Sheriff Arpaio of Maricopa County is facing two more lawsuits due to the mistreatment and death of inmates at his prisons. The details of the death of David McClurg are especially tragic. A diabetic, McClurg developed gangrene within six weeks after being detained. He was a pretrial detainee, which means he had not been convicted of a crime
His family maintains that he was housed in overcrowded conditions and not provided a diet necessary for a diabetic. Apparently McClurg’s diet changed so radically for the worse upon entering the Maricopa County jail system that it was the first time he experienced symptoms.
Before his death, David had to have toes and part of his leg amputated. Not only was McClurg robbed of his life, he also endured severe suffering unnecessarily.
The second lawsuit comes from a man who suffered two seizures that caused injuries requiring hospitalization. Kevin Smith says that upon entering the jail he provided the medication he is required to take to prevent the seizures, but jail staff refused to administer it.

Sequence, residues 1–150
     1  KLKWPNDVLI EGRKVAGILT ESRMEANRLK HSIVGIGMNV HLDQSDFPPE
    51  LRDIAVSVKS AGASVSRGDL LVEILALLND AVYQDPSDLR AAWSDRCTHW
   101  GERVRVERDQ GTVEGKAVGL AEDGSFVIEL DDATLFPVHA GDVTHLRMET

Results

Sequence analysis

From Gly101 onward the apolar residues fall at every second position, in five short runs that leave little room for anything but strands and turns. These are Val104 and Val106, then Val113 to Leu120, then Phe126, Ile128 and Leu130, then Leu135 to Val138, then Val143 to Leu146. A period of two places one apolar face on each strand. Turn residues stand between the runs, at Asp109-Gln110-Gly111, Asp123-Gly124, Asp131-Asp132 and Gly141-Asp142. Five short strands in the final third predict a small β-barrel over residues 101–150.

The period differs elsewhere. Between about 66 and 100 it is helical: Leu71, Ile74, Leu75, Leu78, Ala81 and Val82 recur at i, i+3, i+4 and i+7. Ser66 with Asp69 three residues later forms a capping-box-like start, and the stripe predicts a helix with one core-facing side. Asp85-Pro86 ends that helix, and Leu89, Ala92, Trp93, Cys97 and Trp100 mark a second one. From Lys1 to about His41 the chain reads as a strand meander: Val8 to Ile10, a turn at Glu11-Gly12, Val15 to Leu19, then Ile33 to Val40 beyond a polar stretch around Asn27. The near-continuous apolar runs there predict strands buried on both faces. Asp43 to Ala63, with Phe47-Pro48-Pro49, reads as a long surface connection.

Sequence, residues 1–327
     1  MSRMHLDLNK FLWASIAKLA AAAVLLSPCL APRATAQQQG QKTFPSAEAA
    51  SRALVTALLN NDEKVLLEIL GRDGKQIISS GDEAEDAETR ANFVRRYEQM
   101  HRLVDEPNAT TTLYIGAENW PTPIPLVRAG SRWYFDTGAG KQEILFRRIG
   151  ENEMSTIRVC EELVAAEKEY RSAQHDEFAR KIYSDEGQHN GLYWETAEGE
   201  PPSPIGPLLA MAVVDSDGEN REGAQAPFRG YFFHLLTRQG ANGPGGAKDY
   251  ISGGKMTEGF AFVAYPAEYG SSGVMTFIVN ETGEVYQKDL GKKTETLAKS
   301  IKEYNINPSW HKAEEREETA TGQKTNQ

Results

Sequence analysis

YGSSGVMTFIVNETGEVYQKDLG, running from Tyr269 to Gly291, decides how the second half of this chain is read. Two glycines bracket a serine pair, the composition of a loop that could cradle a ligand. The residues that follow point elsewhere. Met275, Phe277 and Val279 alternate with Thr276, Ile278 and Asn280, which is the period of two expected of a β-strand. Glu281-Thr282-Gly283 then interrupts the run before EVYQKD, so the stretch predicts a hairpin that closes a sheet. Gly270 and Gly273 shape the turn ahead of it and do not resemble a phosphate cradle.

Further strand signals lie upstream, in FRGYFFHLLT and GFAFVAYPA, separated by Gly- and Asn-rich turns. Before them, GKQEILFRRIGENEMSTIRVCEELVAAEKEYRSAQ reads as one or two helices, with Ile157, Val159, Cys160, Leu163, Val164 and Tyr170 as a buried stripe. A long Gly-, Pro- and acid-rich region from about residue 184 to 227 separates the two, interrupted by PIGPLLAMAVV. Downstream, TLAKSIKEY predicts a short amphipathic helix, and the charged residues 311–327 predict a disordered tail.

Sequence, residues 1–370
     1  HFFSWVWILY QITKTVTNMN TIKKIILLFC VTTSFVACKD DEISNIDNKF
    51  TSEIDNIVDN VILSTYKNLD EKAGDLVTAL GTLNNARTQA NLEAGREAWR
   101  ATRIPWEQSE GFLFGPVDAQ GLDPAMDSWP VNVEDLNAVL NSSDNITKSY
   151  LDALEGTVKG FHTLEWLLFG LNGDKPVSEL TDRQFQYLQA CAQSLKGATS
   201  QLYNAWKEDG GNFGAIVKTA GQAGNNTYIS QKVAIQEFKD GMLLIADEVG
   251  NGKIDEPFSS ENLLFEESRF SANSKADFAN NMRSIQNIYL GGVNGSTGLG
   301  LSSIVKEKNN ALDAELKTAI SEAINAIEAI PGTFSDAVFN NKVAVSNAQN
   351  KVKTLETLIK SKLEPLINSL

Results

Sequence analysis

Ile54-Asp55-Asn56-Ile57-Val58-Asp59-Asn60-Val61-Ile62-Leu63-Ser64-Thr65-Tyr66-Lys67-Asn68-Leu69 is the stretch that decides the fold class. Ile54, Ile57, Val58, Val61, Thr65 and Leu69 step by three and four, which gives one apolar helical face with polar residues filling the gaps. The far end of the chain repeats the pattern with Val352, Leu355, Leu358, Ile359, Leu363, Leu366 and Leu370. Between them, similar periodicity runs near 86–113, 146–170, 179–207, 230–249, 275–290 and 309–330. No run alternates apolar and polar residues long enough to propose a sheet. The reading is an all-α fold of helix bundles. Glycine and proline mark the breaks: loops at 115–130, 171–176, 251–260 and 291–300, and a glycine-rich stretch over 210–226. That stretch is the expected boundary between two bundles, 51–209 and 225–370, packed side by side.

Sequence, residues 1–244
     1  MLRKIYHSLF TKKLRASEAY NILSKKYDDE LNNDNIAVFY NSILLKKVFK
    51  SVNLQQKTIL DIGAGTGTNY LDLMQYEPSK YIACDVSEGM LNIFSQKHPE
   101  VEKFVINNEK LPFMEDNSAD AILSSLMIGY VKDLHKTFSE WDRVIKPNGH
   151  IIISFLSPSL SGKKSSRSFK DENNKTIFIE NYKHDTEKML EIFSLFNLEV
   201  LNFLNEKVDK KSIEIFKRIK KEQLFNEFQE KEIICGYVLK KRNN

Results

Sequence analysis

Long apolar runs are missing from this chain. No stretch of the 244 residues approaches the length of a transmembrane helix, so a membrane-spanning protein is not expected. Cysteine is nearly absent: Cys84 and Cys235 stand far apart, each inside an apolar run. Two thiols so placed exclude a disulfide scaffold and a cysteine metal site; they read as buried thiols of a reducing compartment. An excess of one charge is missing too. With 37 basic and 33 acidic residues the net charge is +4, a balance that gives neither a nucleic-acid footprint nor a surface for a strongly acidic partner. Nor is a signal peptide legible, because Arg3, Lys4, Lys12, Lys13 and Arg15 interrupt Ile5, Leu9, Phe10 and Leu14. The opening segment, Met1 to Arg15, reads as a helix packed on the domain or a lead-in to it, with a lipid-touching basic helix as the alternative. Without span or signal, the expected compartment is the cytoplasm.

But is it really such a shock that detainees are denied basic medical attention? After all, the National Commission on Correctional Health Care took away the Maricopa County Correctional Health Services accreditation in January.
Every horrific story that comes out of Arpaio-ruled Maricopa County becomes less and less shocking. Civil and human rights groups, activists, journalists, and bloggers have been sounding the alarm on Arpaio for years now.
It is our federal government’s responsibility to not just investigate officials who abuse their power, but to take action once the abuse is proven. And it helps if they don’t make it easier for them (ahem Janet Napolitano). Regardless of their accused or convicted crimes, detainees in American jails have basic human rights. To deny them is absolutely un-American.